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Tuesday, July 27, 2010

Review: Real World Java EE Patterns Rethinking Best Practices, by Adam Bien

Real World Java EE Patterns Rethinking Best Practices

"Real World Java EE Patterns" is a book targeted rather for developers with some experience with JEE. If you are a beginner, you can miss some context. If you have some experience with JEE, in this book you'll probably find solutions to problems that are familiar to you.

Adam Bien is great at explaining difficult topics. Difficult? I didn't find anything difficult in this book ;) E.g. transactions isolation is explained very clearly.

The book is very good catalog of JEE Patterns. Each pattern is described separately in similar manner. Each chapter has subchapters: "Problem", "Forces", "Solution", "Testing", "Documentation", "Consequences" and "Related Patterns". In "Problem" a reader can find short description of a problem the pattern should solve. "Forces" shows features that solution should have. "Solution" contains description of pattern, what classes it consists of and what is their responsibility. Usually accompanied by very clear and simple pieces of code. In "Testing" and "Documentation" author highlights what should we test when we use certain pattern, and what should be documented (quite obvious, isn't it?). In "Consequences" we can read about what are pros and cons of the pattern. "Related Patterns" is self explanatory. Most interesting subchapter is "Solution", and it also has sub-subchapters. One of them is "Rethinking". It is good part for experienced JEE developers. Adam shows why some patterns are obsolete. It doesn't mean you should never use it, but in most cases it is no longer necessary in JEE5 or 6. Some patterns, when moved from EJB2 to EJB3, are not adding any value, but instead are adding layer of abstraction and unnecessary complicating the system.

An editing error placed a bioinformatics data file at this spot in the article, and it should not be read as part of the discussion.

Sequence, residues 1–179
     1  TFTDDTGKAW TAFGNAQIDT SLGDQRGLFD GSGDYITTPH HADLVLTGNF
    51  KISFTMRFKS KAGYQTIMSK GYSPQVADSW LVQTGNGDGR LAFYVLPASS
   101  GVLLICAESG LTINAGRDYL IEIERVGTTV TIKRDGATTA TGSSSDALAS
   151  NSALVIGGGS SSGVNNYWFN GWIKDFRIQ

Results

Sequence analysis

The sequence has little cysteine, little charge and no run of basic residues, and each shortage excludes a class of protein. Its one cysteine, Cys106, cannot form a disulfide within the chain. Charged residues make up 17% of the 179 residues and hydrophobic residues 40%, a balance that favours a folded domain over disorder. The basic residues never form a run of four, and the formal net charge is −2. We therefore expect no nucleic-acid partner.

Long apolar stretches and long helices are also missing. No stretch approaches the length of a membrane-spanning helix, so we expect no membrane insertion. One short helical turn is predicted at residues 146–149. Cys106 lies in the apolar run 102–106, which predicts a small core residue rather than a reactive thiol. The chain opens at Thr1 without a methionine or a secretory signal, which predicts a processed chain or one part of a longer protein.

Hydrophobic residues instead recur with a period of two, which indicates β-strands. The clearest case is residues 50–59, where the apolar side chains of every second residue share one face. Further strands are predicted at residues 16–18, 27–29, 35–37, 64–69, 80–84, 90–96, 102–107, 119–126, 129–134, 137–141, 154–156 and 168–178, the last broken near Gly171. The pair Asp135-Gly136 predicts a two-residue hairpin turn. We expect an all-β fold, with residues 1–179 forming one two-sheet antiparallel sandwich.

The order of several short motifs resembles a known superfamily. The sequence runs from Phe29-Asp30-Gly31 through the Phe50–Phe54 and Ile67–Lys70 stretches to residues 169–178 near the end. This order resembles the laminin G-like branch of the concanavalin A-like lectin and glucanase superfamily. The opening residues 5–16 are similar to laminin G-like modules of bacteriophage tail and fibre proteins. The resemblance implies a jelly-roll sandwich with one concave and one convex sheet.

What I like about Adam Bien is that he is not only writing and talking about programming, but he's also programming. While reading the book, one can feel that the author has real experience with the topic. Sometimes he advices not to use what is common "best practice", when it is not necessary and is not adding any value. Good programmer should be able to balance pros and cons of possible solutions, not just blindly follow common practice.

There are small mistakes in the book, but only editor ones, like misspellings and formatting mistakes, single lines of code on next/previous page etc. Nothing really annoying, but there is room for improvement on this field.

Thank you Adam for this book!

1 comment:

Adam Bien said...

Thank YOU for reviewing my book. And you are absolutely right: the editing was somehow suboptimal - but every programmer really hates it :-). I spent only 5 hours for formatting and publishing. The next iteration should be better.

Thanks for buying, reading and reviewing!,